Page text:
When some friends approached him about working at a small equity group called Rosemont Capital, it was appealing. Rosemont specialized in helping small and midsize companies with 100 or so employees find capital and grow. Burrell was able to tap into some of the families and funders he met on the campaign circuit.
“There is no networking experience on earth like being a senior member of a presidential campaign,” he said.
Then came the financial crisis in 2008, and the world changed: No one wanted to invest in small, speculative companies anymore. There was no appetite for risk. Instead, he saw demand for stable, yield-producing assets like real estate. But real estate values were dropping by the minute.
For Burrell and Rosemont, that meant opportunity.
In 2009, he came to New Mexico for a Diane Denish campaign event and met some of the managers at BGK Properties — and eventually Eddie Gilbert himself, the former New York financier whose life on Wall Street was documented in Boy Wonder of Wall Street, the 2003 book by Richard Wittingham. Gilbert came to Santa Fe when he was in his mid-60s to rebuild his life and business and was in his mid-80s when he met Burrell.
BGK had a stable of properties and solid equity managers who knew their tenants and local markets. But there was no more money for growth, everyone was scared of real estate and bank lending was frozen. Burrell, with his ties to Rosemont and well-to-do families, had access to investment money.
Burrell said Rosemont Capital was initially funded by 15 to 20 families, with the bulk of investment coming from the Sohn family of Pacific West Timber in Oregon. They were seeking diversification. Since then, Rosemont Realty has raised funds from a broader spectrum including sovereign wealth funds in Europe, the Middle East and South America. There are different tiers of investment, some looking for growth, others a dividend yield.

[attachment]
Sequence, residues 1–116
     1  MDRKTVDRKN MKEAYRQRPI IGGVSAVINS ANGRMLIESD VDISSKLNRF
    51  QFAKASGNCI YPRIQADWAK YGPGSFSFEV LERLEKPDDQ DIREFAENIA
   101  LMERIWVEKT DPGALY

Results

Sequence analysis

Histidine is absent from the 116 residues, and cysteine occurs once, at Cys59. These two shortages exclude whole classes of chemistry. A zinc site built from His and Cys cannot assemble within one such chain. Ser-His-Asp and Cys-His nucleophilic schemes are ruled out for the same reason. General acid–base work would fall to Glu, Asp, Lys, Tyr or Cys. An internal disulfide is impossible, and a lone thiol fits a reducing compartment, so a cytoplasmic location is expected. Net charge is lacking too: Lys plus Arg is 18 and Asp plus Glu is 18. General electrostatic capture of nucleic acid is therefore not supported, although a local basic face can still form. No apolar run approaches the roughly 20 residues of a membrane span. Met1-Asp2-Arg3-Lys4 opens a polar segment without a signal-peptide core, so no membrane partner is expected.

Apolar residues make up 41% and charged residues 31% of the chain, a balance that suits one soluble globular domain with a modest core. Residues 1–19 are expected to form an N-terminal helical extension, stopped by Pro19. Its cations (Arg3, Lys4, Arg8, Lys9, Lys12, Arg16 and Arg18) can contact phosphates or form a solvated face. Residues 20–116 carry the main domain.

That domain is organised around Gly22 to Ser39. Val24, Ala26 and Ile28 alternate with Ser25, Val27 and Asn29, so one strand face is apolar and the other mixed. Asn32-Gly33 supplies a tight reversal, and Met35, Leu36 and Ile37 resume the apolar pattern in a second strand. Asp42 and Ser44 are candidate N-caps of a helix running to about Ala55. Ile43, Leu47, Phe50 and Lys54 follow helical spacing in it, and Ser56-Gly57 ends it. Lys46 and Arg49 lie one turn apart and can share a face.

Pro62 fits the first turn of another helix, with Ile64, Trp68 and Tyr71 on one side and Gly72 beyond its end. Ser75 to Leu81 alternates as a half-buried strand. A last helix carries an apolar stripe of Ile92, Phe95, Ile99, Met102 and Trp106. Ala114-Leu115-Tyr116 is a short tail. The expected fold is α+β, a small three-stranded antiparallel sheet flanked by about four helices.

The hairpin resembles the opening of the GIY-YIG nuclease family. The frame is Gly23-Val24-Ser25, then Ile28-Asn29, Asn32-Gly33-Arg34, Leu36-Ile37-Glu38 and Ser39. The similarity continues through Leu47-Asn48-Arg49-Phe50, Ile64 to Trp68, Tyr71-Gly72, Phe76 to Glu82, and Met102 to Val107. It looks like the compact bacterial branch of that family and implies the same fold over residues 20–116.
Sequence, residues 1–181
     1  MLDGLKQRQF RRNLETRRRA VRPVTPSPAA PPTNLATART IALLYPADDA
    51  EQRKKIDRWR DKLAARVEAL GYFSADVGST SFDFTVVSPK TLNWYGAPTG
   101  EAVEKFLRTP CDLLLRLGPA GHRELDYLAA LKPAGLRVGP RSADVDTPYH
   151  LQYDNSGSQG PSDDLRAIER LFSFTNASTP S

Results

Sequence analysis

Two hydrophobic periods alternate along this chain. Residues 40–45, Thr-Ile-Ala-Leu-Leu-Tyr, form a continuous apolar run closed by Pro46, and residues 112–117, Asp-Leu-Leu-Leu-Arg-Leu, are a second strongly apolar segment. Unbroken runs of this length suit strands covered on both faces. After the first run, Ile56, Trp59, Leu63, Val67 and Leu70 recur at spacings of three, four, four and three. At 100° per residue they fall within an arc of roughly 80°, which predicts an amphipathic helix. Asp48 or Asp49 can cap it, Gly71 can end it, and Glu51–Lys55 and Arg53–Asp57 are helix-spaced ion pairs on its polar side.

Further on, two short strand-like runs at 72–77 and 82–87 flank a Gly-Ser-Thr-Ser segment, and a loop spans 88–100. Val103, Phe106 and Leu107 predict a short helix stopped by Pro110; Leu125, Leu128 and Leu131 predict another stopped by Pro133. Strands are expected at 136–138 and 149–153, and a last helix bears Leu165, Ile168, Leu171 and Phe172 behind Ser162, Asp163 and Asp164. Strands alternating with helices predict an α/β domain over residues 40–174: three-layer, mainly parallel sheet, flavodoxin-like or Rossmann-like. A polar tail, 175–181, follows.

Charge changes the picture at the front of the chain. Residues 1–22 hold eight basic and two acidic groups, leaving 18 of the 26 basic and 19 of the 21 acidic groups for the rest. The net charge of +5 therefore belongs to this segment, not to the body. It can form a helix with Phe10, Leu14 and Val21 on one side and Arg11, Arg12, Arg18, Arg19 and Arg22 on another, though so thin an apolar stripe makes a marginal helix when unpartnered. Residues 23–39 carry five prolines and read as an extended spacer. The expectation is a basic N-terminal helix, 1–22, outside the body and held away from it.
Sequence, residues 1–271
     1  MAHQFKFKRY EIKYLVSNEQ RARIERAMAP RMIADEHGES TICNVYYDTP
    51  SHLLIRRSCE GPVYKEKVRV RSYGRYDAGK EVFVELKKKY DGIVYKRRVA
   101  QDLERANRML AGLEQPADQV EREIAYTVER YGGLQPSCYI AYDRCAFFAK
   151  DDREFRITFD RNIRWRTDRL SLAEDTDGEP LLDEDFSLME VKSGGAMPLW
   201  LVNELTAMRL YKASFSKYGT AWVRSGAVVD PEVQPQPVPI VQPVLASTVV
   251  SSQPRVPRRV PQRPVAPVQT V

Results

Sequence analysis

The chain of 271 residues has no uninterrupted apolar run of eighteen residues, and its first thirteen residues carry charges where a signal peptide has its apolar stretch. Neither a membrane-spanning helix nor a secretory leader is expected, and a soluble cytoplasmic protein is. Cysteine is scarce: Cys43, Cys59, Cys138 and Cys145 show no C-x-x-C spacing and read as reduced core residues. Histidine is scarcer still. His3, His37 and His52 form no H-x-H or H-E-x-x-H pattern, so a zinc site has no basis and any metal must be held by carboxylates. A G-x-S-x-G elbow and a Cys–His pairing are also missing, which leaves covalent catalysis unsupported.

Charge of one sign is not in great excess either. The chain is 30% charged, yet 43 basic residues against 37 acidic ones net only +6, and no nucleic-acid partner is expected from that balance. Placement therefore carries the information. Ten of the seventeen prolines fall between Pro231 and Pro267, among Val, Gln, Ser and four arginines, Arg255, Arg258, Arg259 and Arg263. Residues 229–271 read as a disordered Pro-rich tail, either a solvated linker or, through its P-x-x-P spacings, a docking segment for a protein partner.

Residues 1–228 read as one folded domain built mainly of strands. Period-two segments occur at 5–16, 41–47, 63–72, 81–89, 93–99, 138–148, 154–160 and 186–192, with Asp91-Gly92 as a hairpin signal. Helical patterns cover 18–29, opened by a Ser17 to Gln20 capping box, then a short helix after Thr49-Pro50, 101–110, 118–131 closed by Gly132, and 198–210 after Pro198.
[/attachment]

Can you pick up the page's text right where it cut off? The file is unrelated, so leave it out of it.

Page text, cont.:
The goal was to refashion what BGK started and turn a good family-run business into a national firm with on-the-street management ties. And that’s where Burrell claims Rosemont is different. Most investment opportunities in real estate would have allowed Burrell to buy buildings, outsource the management and stay in New York. With BGK, he knew he would have a business — and the management of office buildings with its experienced staff would bring more value to shareholders.
He said Gilbert saw this and that is why BGK was a good business model: “Having local managers who knew tenants who were staying, moving, wanting to expand and being able to accommodate that.”
So after going back and forth from New York to Santa Fe, Burrell saw it was time to make the jump. Newly married but not yet with a family, “In 2010, I moved my entire life from midtown Manhattan to Guadalupe Street across from Tomasita’s,” he said.
Among those Burrell met while politicking was Javier Gonzales, the former Santa Fe County commissioner who now heads the state Democratic Party. Gonzales also serves as a New Mexico State University regent. Gonzales now works for Rosemont and heads up the effort to bring better energy conservation and a greener workplace to the 20 million square feet of Rosemont office space. “A greener portfolio holds its value during downturns in the economy,” Gonzales said.
Gonzales also helped develop the curriculum for the Rosemont Leadership Institute. He said the effort is particularly suited to New Mexico because so many high school graduates who attend in-state colleges — even with lottery scholarships that cover tuition — face financial challenges, and the pressure to work takes away from academics.
Another feature unique to New Mexico, said Renee Delgado Riley, an administrator at The University of New Mexico who is involved with the scholarships, is that the program is open to high school students with a 2.5 grade-point average. You don’t have to be an honor student to have leadership potential, she said. “Often times the middle-of-the-ground student gets smushed in this process. We need them to be leaders in the state, too.”
Burrell hopes that some of the college students he helps can succeed and continue the cycle of giving back. The program will start with 30 high school juniors next fall, but the goal is to eventually have one graduate from each school district in the state in the program.
Burrell’s wife, Katherine Jetter, an Australian-born gemologist, manages the Garfield Street Foundation. The foundation was started by Eddie and Peaches Gilbert and gives $500,000 a year to needy individuals via social service agencies and individual relief efforts.
“New Mexico is a poor state,” Burrell said. “Even if the tuition is paid for, [students] still have challenges with books, housing, cars, transportation. We’re solving that problem for them. We give them no reason to fail. You’re giving these kids unbelievable, powerful tools.”
Contact Bruce Krasnow at firstname.lastname@example.org.